Mercy for Animals founder Nathan Runkle talks to Vegan Life about inspiring passion and improving the lives of farm animals
“Part autobiography, part hard-hitting exposé, and part action guide,” is how Nathan describes his new book to us. Nathan was on track to be a fifth-generation farmer before he founded Mercy For Animals. In his new book he explains how his experiences led him to Mercy for Animals and how the organisation has grown with the help of many of his “personal heroes” including the many undercover investigators who risk their lives to expose the grim truths of the meat, dairy and egg industries.
It is a thrilling read and one which gives an insight into work on the front line for those people who work undercover in slaughterhouses and farms. Mercy For Animals now has over 130 employees in six countries and is continuing to grow into a household name. We caught up with Nathan to ask him about running a charity.
Tell us a little about how and why you founded Mercy For Animals.
I founded Mercy For Animals when I was 15 years old in my small farming community in rural Ohio.
It started in 1999 because of one baby piglet. A local pig farmer, Steve Jenkins, taught an agricultural class at my high school. One morning Jenkins attempted to kill a half dozen piglets to use in a dissection project. When he arrived at the school, however, one of the piglets was still alive — standing on top of the others, screaming in distress. A student who worked on the Jenkins farm grabbed the piglet by her hind legs and slammed her head into the ground — twice. Her skull was fractured, and she was bleeding.
But she was still alive. Another student, horrified by this abuse, took the piglet to Molly Fearing, a first-year teacher known for being a vegetarian who cared about animals. Molly immediately took the piglet to a veterinarian to have her euthanized. She then initiated animal cruelty charges against Jenkins.
The case went to trial but was dismissed because slamming piglets this way is considered standard practice in the pork industry. In fact, in most states, if an act is deemed “standard agricultural practice,” no matter how cruel, it’s exempt from prosecution. This case convinced me that my community needed an organization that would speak up on behalf of farmed animals. Mercy For Animals grew out of that incident and my commitment to addressing the injustice of systemic animal abuse.
There is a lot in your book about undercover work. What is the hardest part about getting people into undercover work, and what does undercover work lead to?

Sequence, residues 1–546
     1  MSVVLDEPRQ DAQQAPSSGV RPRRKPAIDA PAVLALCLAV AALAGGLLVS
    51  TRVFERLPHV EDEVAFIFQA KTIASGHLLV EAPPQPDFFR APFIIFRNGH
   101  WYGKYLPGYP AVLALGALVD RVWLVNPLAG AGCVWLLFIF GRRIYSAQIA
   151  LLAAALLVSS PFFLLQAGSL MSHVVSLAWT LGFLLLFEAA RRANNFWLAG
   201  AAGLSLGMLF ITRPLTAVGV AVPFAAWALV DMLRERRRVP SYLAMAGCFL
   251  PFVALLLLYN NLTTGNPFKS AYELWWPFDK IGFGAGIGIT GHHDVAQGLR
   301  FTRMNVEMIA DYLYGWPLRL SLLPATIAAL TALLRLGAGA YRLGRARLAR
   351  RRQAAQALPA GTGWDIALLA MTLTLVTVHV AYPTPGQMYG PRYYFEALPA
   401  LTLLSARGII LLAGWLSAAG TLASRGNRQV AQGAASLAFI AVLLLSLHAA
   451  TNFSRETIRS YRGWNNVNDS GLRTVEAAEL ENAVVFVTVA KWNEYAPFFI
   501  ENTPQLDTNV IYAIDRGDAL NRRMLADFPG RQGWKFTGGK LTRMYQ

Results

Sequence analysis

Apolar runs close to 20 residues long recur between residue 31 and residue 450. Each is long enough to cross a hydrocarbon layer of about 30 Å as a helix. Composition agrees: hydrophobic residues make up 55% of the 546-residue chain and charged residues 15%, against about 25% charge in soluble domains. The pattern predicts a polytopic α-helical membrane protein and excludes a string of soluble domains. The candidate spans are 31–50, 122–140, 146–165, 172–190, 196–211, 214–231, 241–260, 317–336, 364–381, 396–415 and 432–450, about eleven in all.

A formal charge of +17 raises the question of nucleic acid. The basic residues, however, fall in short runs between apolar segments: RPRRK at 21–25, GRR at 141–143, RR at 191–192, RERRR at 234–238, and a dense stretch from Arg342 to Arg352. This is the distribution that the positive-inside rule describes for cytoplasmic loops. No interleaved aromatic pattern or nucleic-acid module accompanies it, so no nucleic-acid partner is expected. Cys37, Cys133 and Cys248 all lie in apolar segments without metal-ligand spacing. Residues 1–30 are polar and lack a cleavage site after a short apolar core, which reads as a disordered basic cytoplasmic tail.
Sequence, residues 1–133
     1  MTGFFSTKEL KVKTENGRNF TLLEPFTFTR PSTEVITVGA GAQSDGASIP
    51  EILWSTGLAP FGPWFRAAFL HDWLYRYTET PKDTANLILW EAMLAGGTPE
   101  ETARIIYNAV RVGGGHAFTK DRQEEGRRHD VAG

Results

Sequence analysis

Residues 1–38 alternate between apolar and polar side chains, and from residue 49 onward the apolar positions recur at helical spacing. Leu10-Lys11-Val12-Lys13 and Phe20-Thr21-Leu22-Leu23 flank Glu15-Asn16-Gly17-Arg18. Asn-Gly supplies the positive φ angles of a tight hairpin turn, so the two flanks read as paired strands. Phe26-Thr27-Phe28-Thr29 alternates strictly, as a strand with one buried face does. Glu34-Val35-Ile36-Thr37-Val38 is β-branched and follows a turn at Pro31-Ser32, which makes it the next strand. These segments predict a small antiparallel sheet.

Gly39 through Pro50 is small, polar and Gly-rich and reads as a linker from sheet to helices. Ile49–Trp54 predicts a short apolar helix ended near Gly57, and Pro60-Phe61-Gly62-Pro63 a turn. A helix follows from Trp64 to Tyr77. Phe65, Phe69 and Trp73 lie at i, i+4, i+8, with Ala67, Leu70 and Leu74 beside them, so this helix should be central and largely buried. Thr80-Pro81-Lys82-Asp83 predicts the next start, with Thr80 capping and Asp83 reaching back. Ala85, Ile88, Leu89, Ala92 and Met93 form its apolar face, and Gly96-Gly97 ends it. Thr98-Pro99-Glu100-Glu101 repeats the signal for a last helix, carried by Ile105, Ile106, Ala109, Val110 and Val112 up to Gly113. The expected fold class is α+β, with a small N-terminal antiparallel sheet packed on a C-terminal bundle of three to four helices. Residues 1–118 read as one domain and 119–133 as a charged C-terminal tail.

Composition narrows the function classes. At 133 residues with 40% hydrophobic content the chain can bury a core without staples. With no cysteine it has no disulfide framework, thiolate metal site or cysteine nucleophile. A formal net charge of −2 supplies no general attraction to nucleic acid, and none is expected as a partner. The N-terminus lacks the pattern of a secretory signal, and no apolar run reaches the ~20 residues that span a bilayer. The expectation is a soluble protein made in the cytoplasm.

Undercover investigators are the unsung heroes of the animal protection movement. They leave behind their friends, family, and daily comforts for months at a time. Wired with hidden cameras, they do dangerous and traumatizing work inside factory farms and slaughterhouses. The work is not only physically harmful but also emotionally taxing. We do undercover investigations to show consumers how animals really live and die for meat, dairy, and eggs. These investigations have inspired countless people to go vegan, helped pass groundbreaking legislation, and led to international corporate animal welfare policies.
Some people feel unable to help animals to the extent that you do. How can these people help? I’m not gifted with any superpowers, and neither are the other people I profile in the book. I discuss specific things we each can do to improve the world for animals, but I also encourage readers to find their voice and to use their unique experiences, resources, talents, and relationships to carve out their own form of meaningful advocacy.
I also talk about how giving back is not only the right thing to do but a way to increase our personal happiness. Being an advocate for compassion and love, which is what being an animal advocate truly is, is such a powerful way of living our values and creating a life driven by purpose.
Which issues do you think will be particularly important going forward? We must take a global view. Only two percent of farmed animals are raised and killed in the United States. The other 98 per cent suffer in other countries. Adding insult to injury, we are seeing a dramatic rise in meat consumption in China, India, and Latin America, which is leading to a rise in factory farming and the number of animals killed. Where an animal is born shouldn’t determine whether or not they suffer. MFA is expanding our global advocacy to address this issue.
Nathan’s book is out now and is available at mercyforanimals.org/book